Guidelines and warnings

This package attempts to infer gender (or more precisely, sex assigned at birth) based on first names using historical data, typically data that was gathered by the state. This method has many limitations, and before you use this package be sure to take into account the following guidelines.

1) Your analysis and the way you report it should take into account the limitations of this method, which include its reliance of data created by the state and its inability to see beyond the state-imposed gender binary. At a minimum, be sure to read our article explaining the limitations of this method, as well as the review article that is critical of this sort of methodology, both cited below.

2) Do not use this package to study individuals: it is at most useful for studying populations in the aggregate.

3) Resort to this method only when the alternative is not a more nuanced and justifiable approach to studying gender, but where the alternative is not studying gender at all. For instance, for many historical sources this approach might be the only way to get a sense of the sex ratios in a population. But ask whether you really need to use this method, whether you are using it responsibly, or whether you could use a better approach instead.

Blevins, Cameron, and Lincoln A. Mullen, “Jane, John … Leslie? A Historical Method for Algorithmic Gender Prediction,” Digital Humanities Quarterly 9, no. 3 (2015). http://www.digitalhumanities.org/dhq/vol/9/3/000223/000223.html

Mihaljević, Helena, Marco Tullney, Lucía Santamaría, and Christian Steinfeldt. “Reflections on Gender Analyses of Bibliographic Corpora.” Frontiers in Big Data 2 (August 28, 2019): 29. https://doi.org/10.3389/fdata.2019.00029.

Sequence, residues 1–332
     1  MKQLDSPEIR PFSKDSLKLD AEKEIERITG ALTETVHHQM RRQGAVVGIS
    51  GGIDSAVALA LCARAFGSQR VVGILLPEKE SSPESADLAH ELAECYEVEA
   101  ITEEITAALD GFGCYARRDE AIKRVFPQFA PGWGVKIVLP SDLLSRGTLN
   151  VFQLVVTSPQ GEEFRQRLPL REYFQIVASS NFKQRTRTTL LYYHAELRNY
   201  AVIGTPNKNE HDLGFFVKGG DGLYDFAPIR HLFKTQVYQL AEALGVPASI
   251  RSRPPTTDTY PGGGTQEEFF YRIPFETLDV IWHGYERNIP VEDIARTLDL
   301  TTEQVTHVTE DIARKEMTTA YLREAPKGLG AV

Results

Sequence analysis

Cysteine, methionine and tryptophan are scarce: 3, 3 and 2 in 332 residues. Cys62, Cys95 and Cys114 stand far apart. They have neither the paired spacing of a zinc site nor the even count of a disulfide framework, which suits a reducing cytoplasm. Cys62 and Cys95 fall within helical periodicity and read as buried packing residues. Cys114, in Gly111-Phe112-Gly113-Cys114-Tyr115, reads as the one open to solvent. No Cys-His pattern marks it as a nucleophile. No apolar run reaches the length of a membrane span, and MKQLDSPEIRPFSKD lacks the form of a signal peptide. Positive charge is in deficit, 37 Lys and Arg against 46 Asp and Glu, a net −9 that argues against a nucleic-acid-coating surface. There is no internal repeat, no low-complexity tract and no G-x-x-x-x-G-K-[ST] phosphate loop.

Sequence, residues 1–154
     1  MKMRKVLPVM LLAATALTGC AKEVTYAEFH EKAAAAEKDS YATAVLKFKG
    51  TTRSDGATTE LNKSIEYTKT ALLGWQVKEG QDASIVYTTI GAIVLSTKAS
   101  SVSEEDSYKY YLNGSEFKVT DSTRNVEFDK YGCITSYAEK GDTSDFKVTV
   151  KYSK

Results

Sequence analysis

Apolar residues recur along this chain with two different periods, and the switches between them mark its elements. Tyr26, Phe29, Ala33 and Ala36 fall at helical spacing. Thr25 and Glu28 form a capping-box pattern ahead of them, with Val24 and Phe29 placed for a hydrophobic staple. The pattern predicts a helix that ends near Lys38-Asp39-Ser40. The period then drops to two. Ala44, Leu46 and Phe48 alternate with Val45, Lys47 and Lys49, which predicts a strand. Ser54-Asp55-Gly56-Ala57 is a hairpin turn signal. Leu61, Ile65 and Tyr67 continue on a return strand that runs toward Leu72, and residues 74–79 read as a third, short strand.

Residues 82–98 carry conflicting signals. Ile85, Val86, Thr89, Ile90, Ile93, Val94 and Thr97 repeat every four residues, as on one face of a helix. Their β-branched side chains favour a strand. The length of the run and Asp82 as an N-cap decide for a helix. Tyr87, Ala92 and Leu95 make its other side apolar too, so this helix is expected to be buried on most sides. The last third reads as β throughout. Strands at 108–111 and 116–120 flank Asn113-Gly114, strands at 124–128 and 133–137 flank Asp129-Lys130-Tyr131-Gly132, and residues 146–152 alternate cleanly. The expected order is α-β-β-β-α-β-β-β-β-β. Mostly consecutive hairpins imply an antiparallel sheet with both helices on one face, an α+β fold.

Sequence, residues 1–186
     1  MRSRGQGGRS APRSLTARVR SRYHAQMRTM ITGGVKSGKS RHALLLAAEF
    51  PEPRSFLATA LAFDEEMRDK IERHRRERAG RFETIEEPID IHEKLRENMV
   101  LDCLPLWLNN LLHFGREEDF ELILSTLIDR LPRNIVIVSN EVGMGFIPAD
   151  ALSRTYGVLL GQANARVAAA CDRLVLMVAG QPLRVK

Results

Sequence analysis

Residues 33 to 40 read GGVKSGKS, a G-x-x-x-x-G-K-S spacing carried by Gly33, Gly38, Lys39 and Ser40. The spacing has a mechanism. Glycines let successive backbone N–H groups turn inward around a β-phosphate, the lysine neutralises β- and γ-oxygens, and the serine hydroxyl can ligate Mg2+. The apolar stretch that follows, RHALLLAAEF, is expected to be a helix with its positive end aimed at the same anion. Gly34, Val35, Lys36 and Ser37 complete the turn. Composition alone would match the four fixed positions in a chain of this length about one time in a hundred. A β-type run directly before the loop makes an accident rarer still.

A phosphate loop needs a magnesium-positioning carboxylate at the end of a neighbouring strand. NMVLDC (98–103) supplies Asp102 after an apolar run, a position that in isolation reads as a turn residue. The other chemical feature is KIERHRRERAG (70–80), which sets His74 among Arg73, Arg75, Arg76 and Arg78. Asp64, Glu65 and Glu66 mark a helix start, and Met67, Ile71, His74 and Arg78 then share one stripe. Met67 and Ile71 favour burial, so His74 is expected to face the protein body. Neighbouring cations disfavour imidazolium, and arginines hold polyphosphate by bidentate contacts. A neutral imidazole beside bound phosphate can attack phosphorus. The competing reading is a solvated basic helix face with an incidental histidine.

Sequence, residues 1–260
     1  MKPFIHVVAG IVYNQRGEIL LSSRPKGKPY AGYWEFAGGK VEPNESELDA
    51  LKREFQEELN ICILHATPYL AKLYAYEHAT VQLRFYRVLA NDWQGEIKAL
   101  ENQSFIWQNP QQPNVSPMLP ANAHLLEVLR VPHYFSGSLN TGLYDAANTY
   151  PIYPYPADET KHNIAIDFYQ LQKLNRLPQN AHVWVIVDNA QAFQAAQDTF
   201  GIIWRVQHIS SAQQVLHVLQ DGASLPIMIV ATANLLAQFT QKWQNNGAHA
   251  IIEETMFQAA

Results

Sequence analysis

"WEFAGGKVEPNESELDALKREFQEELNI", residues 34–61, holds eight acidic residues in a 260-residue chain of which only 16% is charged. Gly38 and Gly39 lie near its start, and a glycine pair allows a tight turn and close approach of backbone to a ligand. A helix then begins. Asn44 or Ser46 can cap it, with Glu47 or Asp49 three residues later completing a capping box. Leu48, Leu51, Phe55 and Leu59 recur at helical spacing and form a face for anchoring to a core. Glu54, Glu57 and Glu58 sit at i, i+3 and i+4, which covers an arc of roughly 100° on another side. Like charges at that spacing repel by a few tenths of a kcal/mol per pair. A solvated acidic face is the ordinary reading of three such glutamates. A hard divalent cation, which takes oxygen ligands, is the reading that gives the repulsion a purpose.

Description

Data sets, historical or otherwise, often contain a list of first names but seldom identify those names by gender. Most techniques for finding gender programmatically rely on lists of male and female names. However, the gender associated with names can vary over time. Any data set that covers the normal span of a human life will require a historical method to find gender from names. This R package uses historical datasets from the U.S. Social Security Administration, the U.S. Census Bureau (via IPUMS USA), and the North Atlantic Population Project to provide predictions of gender for first names for particular countries and time periods.

Installation

You can install this package from CRAN:

The first time you use the package you will be prompted to install the accompanying genderdata package. Alternatively, you can install this package for yourself from the rOpenSci package repository:

If you prefer, you can install the development versions of both packages from the rOpenSci package repository:

Using the package

The gender() function takes a character vector of names and a year or range of years and uses various datasets to predict the gender of names. Here we predict the gender of the names Madison and Hillary in 1930 and again in the 2000s using Social Security data.

See the package vignette for a fuller introduction and suggestions on how to use the gender() function efficiently with large datasets.

vignette(topic = "predicting-gender", package = "gender")

To read the documentation for the datasets, install the genderdata package then examine the included datasets.

library(genderdata)
data(package = "genderdata")